In the summer of 2018, Allie Herrera moved to Memphis to work as an on-air reporter on WMC-5. She has since fallen in love with the city. “This is my first time living in the Mid-South,” she says. “I’ve found the people to be so welcoming and kind. I like living where the pace allows me to slow down a bit, and be more present.”
It’s hard to imagine Allie slowing down though. She’s a certified Level 1 CrossFit Coach at CrossFit Blue Blood in Olive Branch and spends most of her time helping others reach fitness goals or going after her own.
Born in Lima, Peru, Allie moved to the U.S. with her parents at age six. She grew up in Westchester County, New York where she competed in a variety of sports including track and field, soccer, and basketball. She didn’t discover CrossFit until her Freshman year at Rhode Island University in 2012.
“I had always tried to be athletic,” she says. “But CrossFit was a totally new form of athleticism that I had never experienced.” She adds: “I had to get past my own tendency to compare myself with other women. I think we often feel we’re either too big, too small, not enough of this, or too much of that. CrossFit has allowed me to mold and shape myself into own vision of the athlete I want to be. I didn’t want to focus on one ability over others. I wanted to become well-rounded. That’s what made me feel like an athlete,” she says.
At 5-foot-4-inches and 144 pounds, Allie recently brought her body fat down to a lean 16%. “I used to want to look skinny,” she says. “But CrossFit threw that image out the window. Now I like to feel and look strong.”
However, her passion for the sport is just as mental and emotional as it is physical. “If I had to describe CrossFit in one word, it’s empowering. When a sport is physically challenging, there is a mental toughness that follows.”
Allie wants to help convince women there is nothing they can’t do. “I have met some the most powerful women in gyms, and it’s incredible to see these women become more of who they are. It’s not about becoming someone else. It’s about becoming more of who you are meant to be.”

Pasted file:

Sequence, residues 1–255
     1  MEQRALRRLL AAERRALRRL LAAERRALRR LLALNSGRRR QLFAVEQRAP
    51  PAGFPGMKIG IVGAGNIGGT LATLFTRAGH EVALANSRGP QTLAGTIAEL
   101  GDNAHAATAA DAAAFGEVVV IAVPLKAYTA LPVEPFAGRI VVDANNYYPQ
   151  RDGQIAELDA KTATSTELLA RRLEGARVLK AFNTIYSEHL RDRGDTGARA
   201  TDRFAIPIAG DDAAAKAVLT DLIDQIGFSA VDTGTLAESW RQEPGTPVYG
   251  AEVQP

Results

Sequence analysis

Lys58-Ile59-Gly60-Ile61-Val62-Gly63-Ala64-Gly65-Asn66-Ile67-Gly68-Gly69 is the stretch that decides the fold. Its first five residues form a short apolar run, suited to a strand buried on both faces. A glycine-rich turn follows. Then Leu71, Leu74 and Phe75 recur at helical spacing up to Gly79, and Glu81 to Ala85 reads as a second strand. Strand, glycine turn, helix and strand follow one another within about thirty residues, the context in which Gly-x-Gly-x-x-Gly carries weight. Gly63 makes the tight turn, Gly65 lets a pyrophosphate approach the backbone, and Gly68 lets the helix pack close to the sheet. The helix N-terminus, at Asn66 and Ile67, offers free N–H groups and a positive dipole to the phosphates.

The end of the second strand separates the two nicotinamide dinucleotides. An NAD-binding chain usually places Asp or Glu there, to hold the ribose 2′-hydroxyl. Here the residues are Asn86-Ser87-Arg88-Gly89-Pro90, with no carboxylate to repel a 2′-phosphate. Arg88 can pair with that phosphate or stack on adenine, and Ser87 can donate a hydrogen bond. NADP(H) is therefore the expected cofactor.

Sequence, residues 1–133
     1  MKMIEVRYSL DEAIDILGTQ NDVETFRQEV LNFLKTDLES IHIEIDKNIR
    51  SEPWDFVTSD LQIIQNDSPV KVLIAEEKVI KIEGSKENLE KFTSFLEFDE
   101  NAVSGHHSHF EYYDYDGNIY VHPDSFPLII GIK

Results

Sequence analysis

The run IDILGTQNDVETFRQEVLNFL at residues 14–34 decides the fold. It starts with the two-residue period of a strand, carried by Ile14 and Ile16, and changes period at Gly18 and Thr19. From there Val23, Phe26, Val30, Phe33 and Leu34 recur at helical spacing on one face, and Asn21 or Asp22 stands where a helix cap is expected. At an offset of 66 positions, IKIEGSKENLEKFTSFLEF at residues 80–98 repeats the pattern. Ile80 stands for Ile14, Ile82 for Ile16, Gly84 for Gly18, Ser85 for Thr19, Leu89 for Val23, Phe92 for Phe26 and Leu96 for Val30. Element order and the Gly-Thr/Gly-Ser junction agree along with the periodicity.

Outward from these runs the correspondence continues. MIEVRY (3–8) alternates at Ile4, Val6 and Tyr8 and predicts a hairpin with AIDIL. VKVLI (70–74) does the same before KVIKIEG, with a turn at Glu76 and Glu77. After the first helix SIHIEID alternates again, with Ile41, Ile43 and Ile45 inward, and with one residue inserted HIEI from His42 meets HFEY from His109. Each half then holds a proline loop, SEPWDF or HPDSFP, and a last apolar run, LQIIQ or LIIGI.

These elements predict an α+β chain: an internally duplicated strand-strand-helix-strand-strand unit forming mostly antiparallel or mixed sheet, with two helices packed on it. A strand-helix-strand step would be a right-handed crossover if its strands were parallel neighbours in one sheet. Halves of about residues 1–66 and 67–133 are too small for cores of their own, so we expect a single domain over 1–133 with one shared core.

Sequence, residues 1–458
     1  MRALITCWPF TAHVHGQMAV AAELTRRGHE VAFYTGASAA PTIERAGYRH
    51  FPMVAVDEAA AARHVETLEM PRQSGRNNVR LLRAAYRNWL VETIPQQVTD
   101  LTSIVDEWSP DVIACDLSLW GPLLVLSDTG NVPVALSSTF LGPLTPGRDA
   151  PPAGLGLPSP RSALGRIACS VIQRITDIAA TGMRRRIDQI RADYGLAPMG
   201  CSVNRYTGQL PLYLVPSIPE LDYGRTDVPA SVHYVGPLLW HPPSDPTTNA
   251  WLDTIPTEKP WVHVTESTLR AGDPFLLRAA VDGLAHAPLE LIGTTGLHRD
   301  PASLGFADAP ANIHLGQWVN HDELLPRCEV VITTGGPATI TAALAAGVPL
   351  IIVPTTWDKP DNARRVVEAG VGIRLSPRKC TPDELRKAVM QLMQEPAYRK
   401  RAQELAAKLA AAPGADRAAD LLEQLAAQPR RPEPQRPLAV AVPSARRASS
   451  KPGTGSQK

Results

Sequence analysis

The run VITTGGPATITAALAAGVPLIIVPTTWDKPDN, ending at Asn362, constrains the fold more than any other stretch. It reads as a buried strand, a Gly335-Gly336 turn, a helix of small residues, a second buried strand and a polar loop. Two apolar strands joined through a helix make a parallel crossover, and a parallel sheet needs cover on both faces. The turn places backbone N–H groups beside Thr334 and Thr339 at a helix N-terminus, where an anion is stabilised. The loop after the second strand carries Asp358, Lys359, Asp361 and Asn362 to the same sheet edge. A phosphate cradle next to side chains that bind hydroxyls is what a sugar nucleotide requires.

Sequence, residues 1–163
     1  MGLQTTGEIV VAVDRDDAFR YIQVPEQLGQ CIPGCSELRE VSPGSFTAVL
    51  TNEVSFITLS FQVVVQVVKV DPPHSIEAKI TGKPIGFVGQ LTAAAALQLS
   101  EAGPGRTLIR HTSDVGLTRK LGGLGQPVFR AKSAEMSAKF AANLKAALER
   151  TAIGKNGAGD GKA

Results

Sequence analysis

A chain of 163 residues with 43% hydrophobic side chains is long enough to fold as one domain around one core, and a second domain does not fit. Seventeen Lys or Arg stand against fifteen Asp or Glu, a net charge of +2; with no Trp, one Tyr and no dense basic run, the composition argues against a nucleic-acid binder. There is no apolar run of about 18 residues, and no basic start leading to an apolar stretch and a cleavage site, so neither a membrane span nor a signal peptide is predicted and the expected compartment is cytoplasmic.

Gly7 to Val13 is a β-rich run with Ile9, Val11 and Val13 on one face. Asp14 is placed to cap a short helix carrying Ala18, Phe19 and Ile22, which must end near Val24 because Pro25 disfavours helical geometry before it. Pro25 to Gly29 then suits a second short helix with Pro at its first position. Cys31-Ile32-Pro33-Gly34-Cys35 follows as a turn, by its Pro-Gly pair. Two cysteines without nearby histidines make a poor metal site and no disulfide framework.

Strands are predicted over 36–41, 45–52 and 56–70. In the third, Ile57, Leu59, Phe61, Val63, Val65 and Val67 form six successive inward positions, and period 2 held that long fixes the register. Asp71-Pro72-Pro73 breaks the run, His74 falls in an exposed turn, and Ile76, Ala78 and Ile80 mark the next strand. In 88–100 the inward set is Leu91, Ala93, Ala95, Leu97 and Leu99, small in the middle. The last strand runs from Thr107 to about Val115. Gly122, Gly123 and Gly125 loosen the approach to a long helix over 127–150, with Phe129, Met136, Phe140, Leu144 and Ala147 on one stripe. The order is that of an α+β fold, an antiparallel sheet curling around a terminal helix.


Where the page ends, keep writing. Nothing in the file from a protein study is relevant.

Despite her busy broadcast schedule, Allie trains six times per week. “If I’m really struggling on that sixth day, I do more of an active recovery workout,” she says.
She does CrossFit three times a week and more of a bodybuilding style workout during her other sessions. That’s in addition to coaching two to three times a week. And on a good day, her workouts last an hour or two.
Balancing a television career, training, coaching, and a personal life leaves Allie very little time for competitions. Her two most recent ones were local team competitions, The Express Challenge in March and The M-Town Showdown in September.
Eating on Track
“One of my most empowering changes and something I’ll probably work on for the rest of my life is thinking of food as fuel,” she says.
Allie tries to not think of foods as “good” or “bad” or “I’m allowed or “I’m not allowed.” “I’m shying away from those conversations with myself. I can enjoy a meal out without letting it worry me.”
That doesn’t mean she’s without discipline. She tracks macros and calories and measures out her food to know exactly what is going in her body. A creature of habit, she cycles through the same carbs, proteins, and fats on a regular basis.
Staying on Course
When Allie started CrossFit, she couldn’t even hold a plank for 30 seconds. She believes one of her assets as a coach is that she can empathize with her students. “Coaches who know what they’re doing work with you and modify your program to make it suitable for your level.”
What keeps Allie going though is simply passion. “When a person finds something they are passionate about, everything about them transforms!”
By Caroline Sposto
Photo by Tindall Stephens